US blasts Russia over poultry trade snag
President Barack Obama's top trade official accused Moscow on Wednesday of "unreasonably" delaying the resumption of US poultry exports to Russia with an 11th-hour demand for plant inspections.
"It's just not acceptable," US Trade Representative Ron Kirk told reporters after a Senate hearing on agricultural exports, adding that US Agriculture Secretary Tom Vilsack and other officials were trying to resolve the issue.
Kirk said Washington wants to help Moscow reach its goal of joining the World Trade Organization (WTO) but "it's issues like this, on poultry, that continue to frustrate us, frankly, and make us question their resolve to operate in a rules-based system."
The US Department of Agriculture gave the green light last week to US poultry exporters to resume shipments to Russia after nearly a seven-month ban by what was once the largest foreign market for US chicken.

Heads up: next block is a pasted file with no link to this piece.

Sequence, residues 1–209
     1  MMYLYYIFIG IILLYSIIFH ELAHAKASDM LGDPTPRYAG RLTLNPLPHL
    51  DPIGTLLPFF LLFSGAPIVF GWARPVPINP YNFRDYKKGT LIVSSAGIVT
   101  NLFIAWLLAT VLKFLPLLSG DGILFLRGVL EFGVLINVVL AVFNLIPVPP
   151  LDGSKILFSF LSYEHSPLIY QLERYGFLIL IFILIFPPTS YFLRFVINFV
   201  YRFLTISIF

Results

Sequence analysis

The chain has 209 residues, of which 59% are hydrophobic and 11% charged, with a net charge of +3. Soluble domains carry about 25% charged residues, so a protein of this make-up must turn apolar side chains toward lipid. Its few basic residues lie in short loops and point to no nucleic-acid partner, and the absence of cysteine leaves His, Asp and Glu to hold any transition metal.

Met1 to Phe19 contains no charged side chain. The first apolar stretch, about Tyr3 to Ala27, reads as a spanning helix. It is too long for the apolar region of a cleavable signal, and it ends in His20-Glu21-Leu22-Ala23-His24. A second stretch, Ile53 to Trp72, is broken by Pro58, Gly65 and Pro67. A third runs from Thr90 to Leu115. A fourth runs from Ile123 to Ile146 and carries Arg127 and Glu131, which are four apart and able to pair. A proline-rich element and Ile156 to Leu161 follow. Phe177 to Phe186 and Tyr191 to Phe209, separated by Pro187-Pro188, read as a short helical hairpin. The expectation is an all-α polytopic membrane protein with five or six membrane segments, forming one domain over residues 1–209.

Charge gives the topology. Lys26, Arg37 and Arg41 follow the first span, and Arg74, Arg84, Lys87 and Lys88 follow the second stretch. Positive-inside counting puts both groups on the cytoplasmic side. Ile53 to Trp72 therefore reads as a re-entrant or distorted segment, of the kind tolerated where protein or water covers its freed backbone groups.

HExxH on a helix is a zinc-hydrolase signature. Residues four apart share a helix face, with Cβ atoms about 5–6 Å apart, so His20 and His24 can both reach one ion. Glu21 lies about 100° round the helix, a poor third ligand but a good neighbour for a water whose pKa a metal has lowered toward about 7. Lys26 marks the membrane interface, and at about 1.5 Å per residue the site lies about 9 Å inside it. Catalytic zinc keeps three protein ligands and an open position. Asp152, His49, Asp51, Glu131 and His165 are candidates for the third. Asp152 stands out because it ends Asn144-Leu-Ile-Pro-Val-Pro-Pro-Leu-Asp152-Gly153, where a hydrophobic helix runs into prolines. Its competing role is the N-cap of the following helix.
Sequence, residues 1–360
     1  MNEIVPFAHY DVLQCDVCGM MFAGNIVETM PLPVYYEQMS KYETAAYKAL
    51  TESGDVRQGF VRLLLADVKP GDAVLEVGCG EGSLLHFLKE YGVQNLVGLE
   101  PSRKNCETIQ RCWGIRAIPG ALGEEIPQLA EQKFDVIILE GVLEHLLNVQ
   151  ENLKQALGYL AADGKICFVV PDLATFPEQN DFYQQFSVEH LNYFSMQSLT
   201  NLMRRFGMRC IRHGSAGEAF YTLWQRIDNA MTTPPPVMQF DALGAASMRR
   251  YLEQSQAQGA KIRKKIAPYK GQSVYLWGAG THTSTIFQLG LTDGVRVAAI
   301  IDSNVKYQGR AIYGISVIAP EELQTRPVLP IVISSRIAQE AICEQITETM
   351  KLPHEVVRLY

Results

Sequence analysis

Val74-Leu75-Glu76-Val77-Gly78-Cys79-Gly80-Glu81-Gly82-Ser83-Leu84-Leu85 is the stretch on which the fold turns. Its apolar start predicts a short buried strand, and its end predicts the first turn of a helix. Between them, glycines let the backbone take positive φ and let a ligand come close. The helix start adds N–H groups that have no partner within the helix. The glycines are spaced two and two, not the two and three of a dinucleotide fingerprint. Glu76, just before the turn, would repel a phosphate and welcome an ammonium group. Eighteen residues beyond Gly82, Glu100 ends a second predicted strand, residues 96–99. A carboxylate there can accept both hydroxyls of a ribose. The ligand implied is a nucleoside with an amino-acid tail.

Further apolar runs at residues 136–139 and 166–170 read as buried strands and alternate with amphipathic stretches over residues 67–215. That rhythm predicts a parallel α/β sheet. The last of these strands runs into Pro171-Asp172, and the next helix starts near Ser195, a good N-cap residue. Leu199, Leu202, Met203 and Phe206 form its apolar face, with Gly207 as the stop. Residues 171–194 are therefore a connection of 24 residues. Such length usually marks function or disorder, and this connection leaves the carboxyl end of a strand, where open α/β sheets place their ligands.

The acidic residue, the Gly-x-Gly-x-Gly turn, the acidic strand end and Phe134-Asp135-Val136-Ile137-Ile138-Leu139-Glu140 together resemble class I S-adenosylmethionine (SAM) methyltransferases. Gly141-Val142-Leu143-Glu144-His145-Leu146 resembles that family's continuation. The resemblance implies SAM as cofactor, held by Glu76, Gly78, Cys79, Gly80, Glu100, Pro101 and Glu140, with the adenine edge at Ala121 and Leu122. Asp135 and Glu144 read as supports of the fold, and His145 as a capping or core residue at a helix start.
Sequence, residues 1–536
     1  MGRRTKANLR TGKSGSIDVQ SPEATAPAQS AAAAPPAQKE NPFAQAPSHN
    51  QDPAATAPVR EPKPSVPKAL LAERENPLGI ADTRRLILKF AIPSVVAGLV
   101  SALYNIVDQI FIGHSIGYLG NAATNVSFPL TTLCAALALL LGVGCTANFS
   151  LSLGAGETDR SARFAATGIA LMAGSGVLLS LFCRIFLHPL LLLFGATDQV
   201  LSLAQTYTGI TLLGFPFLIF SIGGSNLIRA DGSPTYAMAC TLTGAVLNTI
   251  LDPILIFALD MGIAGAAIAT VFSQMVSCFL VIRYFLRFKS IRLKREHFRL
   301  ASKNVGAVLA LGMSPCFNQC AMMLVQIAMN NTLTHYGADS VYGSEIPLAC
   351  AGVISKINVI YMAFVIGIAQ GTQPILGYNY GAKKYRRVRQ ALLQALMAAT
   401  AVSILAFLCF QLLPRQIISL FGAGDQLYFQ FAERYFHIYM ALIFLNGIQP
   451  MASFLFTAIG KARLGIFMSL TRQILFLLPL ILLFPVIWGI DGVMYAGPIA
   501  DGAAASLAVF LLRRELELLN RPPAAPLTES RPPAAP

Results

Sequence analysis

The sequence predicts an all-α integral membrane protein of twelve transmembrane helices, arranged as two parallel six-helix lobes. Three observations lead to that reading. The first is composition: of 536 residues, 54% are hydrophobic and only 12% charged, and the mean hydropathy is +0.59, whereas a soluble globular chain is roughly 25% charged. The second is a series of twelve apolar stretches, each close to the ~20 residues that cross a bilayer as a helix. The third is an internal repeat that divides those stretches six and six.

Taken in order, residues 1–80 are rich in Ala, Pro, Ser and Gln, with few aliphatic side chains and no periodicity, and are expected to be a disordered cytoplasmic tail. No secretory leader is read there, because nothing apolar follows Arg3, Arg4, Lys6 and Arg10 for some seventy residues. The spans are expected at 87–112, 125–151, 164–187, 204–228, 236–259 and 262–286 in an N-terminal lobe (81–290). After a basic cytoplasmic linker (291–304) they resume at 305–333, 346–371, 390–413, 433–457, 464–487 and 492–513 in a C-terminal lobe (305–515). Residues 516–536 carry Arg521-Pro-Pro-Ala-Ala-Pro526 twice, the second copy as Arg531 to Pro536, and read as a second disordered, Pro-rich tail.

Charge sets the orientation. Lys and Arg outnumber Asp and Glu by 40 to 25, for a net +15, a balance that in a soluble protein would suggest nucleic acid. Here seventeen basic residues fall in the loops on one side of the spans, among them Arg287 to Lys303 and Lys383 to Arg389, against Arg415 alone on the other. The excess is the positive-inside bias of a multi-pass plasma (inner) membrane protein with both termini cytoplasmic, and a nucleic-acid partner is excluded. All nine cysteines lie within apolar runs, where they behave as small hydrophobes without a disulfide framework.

On January 1, Russia banned the import of chicken treated with chlorinated water, a procedure commonly used by US producers to disinfect.
Kirk said the "new wrinkle" was a demand by Moscow to send inspectors to verify that US poultry plants meet the agreement's protocols, stranding exports that "literally" were "packed and ready to go."
"It's just not acceptable. We have an agreement, we've signed it, we've met that protocol, the USDA put out a list of what the plants were that met the protocol and we're ready to resume shipments now," he said.
"The frustration is that it just seems to always be something new, but the notion of having to come and inspect plants we think will just unnecessary and unreasonably delay the process and it's not compliant with what we've agreed to," Kirk told reporters.
Republican Senator Saxby Chambliss noted that the US Senate would soon weigh the new START nuclear arms reduction treaty with Moscow, yet "here we are, not being able to trust the Russians to keep their word on the imports of chickens into Russia."
© 2010 AFP